- Ag should not bear disproportionate share
- Maintaining strong safety net is essential
- House budget cuts too deeply into ag programs
The National Cotton Council is deeply concerned by the extent of the cuts to commodity, conservation and nutrition programs proposed by House Budget Committee Chairman Paul Ryan (R-WI).
These cuts represent 20 percent of the funding baseline for agricultural programs over the next 10 years, and come on top of $6 billion in cuts resulting from the renegotiation of the Standard Reinsurance Agreement in 2010. Agriculture consistently has acknowledged that deficit reduction is a shared responsibility with the expectation that other programs will make equivalent reductions.
“Agriculture should not be asked to bear a disproportionate share in the federal deficit cutting process,” NCC Chairman and Senath, Missouri, cotton producer Charles Parker said. “We urge Congress to carefully weigh all options in the budget debate so that U.S. agriculture is not weakened.”
Parker warned that the severe cuts in Chairman Ryan’s proposed Budget Resolution, if enacted, could severely limit the Agriculture Committee’s ability to write an effective farm bill in 2012.
“Strong commodity prices have dramatically lowered farm program spending, but the Budget Committee must understand the volatile nature of commodity markets and that prices do not translate to profits when input costs escalate,” Parker added. “It is imperative that Congress maintain a strong safety net for times when farm prices and revenue decline.”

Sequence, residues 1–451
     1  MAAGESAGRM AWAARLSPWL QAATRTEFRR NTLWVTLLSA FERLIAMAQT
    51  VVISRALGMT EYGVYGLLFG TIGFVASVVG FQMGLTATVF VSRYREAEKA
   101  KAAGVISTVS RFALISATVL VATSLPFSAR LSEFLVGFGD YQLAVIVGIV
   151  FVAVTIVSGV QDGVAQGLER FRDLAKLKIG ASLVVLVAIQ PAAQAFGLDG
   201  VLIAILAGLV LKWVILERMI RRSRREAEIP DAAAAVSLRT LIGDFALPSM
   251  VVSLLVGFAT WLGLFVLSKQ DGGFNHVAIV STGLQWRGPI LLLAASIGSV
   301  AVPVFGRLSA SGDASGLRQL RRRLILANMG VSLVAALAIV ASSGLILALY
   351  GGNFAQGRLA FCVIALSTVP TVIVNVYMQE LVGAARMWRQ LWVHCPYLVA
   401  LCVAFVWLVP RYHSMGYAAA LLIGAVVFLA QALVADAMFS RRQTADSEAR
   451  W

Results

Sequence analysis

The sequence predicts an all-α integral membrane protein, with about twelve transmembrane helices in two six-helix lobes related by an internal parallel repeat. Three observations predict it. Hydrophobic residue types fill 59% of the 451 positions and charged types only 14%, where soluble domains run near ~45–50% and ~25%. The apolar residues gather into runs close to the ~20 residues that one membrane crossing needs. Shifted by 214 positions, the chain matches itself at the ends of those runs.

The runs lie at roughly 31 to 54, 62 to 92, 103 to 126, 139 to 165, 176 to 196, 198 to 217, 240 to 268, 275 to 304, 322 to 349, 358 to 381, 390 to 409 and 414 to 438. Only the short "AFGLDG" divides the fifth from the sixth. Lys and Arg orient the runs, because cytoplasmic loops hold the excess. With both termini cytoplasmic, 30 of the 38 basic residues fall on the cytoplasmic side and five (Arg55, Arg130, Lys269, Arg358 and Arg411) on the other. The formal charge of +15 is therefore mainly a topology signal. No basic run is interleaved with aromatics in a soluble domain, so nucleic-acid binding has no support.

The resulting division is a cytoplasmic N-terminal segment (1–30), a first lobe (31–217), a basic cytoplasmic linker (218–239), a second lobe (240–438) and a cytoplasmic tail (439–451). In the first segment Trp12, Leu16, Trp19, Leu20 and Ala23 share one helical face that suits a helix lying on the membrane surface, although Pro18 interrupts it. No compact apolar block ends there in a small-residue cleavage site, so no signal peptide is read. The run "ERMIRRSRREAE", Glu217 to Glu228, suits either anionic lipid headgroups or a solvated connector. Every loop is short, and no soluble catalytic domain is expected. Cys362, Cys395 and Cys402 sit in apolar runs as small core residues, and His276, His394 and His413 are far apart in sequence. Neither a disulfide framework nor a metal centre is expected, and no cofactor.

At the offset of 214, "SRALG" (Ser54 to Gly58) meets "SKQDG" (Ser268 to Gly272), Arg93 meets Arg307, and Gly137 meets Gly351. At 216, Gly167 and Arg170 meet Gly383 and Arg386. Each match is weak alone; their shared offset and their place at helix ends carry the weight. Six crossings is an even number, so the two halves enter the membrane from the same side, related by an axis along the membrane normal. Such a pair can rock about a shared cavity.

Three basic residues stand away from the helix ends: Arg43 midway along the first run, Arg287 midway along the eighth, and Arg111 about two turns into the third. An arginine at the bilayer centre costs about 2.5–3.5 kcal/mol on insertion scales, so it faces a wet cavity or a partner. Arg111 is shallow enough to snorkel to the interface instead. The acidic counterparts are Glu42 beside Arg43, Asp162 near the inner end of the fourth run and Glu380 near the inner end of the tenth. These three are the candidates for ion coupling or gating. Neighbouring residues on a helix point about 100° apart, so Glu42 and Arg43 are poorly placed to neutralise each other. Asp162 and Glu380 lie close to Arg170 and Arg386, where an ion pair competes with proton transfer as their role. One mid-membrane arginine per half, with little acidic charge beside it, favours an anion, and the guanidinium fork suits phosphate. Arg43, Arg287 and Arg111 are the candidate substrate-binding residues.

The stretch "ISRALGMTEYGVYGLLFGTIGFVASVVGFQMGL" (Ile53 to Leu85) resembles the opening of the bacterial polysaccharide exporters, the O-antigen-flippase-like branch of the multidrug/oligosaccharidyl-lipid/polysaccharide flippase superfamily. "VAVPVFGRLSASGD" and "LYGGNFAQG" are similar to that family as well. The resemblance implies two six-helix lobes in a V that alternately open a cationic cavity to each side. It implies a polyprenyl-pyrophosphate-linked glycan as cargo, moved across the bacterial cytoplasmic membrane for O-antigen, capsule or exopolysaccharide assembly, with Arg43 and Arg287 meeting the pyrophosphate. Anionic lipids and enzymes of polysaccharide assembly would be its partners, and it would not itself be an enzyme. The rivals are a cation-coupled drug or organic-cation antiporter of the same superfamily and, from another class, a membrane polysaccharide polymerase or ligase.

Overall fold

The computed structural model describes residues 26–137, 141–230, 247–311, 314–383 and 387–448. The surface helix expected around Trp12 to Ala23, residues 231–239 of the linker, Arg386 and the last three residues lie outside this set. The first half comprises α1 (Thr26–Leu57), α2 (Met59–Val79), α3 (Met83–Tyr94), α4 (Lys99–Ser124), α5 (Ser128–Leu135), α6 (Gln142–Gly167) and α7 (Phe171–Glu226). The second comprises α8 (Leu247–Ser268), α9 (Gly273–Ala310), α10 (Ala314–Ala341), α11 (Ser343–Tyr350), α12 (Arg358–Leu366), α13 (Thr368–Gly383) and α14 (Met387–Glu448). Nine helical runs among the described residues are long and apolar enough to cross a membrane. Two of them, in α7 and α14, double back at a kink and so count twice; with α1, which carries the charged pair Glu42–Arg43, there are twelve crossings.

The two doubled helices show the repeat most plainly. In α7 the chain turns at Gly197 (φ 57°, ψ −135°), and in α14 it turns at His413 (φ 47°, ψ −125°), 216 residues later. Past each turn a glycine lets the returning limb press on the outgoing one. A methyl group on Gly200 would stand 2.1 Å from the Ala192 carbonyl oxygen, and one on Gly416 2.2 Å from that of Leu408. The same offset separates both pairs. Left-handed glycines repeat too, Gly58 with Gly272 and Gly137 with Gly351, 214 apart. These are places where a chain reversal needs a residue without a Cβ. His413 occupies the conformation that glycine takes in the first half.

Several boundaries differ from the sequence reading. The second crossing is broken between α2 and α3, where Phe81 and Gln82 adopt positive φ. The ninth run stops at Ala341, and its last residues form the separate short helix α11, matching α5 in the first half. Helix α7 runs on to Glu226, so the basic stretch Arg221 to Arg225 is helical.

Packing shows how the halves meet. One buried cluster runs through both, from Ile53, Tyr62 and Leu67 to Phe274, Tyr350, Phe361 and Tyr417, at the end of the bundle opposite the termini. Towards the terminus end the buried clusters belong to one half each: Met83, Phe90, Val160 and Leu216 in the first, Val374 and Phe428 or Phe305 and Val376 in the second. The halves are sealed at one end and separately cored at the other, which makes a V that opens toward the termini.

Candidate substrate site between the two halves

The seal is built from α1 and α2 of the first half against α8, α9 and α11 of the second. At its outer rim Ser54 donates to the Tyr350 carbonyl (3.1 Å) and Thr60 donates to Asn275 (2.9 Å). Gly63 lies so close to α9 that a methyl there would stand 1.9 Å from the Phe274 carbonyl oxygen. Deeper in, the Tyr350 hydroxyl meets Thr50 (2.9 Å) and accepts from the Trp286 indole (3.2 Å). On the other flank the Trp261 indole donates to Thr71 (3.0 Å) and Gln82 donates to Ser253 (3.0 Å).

Parker also expressed appreciation to House Agriculture Committee Chairman Frank Lucas (R-Okla.) and Ranking Member Collin Peterson (D-MN) for the Committee’s recent letter stressing the importance of agriculture being treated in a manner that is equitable to other areas of the federal budget.
The U.S. cotton industry understands the gravity and seriousness of the current budget situation and is committed to work with Congress to achieve a balanced and reasonable approach to deficit reduction that does not undermine the farm safety net for U.S. agriculture.